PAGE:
In 2013, ILR published “Great Myths of State False Claims Acts”, a research paper pointing out that states were paying an unexpected price for implementing state qui tam False Claims Acts (FCAs).
They’re still paying in 2018.
The 2018 update to “Great Myths” shows that the whistleblowers’ bar is still capitalizing on state qui tam FCAs, harvesting windfall awards from states and the federal government every time they win a suit under a state FCA statute.
There is scarce evidence that these statutes, ostensibly created to empower states to more effectively detect and seek recovery from Medicaid fraud, are accomplishing their goals.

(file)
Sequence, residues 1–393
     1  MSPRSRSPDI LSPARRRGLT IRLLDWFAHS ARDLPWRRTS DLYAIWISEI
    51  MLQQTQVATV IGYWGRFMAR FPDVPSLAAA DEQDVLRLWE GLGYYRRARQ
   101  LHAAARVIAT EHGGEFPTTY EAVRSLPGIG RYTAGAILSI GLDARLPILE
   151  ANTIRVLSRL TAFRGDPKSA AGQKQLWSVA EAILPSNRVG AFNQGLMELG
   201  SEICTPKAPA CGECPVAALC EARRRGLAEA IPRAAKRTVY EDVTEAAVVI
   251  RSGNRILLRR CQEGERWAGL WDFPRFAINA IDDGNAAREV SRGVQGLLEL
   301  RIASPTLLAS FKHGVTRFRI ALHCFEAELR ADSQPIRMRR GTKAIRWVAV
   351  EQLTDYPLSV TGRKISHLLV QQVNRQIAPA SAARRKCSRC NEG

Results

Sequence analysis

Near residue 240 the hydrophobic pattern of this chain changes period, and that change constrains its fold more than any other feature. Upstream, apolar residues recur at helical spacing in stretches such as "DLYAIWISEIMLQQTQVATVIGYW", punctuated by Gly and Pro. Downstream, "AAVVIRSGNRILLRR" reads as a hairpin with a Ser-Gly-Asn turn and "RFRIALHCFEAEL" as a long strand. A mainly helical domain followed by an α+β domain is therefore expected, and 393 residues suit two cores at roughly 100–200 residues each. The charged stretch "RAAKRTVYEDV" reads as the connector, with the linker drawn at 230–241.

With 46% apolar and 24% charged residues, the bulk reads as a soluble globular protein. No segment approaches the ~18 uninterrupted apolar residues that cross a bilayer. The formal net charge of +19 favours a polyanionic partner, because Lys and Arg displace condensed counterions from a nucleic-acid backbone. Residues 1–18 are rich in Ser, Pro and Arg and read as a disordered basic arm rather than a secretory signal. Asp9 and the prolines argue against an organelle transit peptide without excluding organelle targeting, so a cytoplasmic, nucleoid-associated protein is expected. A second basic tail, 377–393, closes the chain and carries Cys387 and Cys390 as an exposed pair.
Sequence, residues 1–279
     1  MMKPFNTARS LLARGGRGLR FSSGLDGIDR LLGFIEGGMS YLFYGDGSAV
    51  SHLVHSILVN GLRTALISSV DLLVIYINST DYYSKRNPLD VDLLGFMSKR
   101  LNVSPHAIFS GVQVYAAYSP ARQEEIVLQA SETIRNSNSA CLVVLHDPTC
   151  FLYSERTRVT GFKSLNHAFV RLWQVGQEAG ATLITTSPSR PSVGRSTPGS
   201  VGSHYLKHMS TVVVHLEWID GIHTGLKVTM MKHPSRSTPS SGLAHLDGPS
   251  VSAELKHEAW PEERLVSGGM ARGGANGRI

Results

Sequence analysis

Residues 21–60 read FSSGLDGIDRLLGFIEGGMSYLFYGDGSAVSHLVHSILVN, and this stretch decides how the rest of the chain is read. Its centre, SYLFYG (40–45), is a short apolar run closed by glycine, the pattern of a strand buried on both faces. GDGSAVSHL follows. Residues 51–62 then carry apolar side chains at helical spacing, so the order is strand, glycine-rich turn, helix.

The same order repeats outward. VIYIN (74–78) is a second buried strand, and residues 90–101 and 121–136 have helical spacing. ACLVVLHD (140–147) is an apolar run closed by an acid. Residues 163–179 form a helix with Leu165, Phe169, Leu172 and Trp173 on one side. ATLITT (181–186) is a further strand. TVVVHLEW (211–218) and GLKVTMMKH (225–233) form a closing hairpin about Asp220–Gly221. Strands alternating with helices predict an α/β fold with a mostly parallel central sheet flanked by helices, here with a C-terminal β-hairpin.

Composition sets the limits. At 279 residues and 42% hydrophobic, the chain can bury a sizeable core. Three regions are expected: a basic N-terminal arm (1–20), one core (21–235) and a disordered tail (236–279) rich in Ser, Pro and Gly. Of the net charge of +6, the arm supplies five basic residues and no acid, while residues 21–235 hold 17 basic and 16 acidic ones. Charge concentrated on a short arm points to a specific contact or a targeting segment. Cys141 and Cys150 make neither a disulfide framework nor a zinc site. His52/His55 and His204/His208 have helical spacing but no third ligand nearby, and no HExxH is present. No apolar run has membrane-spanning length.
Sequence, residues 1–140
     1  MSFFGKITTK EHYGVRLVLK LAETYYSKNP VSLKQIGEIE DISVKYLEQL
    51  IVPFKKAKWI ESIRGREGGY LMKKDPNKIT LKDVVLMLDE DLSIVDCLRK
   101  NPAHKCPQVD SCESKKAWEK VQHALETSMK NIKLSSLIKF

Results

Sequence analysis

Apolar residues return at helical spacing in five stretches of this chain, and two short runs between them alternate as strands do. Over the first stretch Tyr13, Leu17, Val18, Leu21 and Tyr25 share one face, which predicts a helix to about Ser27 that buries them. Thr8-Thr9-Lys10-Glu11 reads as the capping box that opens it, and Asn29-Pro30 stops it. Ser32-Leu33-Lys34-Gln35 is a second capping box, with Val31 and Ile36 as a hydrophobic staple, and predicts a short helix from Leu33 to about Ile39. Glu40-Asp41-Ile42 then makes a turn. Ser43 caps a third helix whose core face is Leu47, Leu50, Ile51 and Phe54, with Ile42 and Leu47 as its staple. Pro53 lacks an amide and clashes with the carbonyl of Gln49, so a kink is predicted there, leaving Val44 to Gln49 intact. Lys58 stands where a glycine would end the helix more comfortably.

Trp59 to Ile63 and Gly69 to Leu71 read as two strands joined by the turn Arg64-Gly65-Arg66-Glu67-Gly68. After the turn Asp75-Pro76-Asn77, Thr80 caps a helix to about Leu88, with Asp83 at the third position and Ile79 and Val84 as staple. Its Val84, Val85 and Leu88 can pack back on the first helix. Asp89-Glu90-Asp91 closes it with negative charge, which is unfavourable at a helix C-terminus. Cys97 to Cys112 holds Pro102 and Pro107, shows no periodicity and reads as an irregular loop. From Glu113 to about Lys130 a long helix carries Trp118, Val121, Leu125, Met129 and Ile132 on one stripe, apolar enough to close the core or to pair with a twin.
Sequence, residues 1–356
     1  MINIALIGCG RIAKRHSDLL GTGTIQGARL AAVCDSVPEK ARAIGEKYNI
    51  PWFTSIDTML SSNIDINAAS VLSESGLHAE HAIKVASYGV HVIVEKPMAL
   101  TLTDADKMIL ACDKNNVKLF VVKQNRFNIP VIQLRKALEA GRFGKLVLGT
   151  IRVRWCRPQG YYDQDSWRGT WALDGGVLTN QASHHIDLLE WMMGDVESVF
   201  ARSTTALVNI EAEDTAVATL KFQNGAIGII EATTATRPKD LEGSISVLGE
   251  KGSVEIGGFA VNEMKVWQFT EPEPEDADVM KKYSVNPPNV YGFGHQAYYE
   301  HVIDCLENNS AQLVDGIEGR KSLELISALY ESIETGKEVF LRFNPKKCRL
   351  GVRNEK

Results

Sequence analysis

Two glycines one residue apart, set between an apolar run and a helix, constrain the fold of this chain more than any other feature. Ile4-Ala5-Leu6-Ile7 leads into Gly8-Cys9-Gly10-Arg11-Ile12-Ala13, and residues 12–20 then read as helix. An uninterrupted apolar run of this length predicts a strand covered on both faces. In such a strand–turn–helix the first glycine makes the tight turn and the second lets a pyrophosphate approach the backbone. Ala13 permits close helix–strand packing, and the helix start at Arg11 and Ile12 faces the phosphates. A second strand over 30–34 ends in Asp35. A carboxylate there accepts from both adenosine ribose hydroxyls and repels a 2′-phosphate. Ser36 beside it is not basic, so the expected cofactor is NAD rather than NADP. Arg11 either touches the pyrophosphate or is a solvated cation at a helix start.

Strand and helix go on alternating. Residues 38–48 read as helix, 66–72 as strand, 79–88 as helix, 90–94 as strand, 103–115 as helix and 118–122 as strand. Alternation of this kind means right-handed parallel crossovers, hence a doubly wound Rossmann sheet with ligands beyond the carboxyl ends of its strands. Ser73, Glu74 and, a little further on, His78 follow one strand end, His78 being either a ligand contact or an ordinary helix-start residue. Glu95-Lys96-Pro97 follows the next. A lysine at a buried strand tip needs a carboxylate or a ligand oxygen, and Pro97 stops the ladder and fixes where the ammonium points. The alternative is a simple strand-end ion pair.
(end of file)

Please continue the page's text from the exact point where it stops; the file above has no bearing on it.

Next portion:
On the contrary: there are strong indications that states with qui tam statutes may actually recover less from the average Medicaid fraud settlement than those without, given the state’s obligation to pay out a share of the settlement to the suit’s relator under such statutes.
The paper also points out that the dubious benefits of implementing a state FCA turn into a clear financial net negative when states allow their FCAs to fall out of compliance with federal standards—which, as the paper points out, has happened both easily and often.
Ultimately, the research contends that states should be careful in considering whether qui tam makes sense and, if so, should draft their statutes in a way that aligns the goals of business and government in preventing, detecting, and punishing fraud.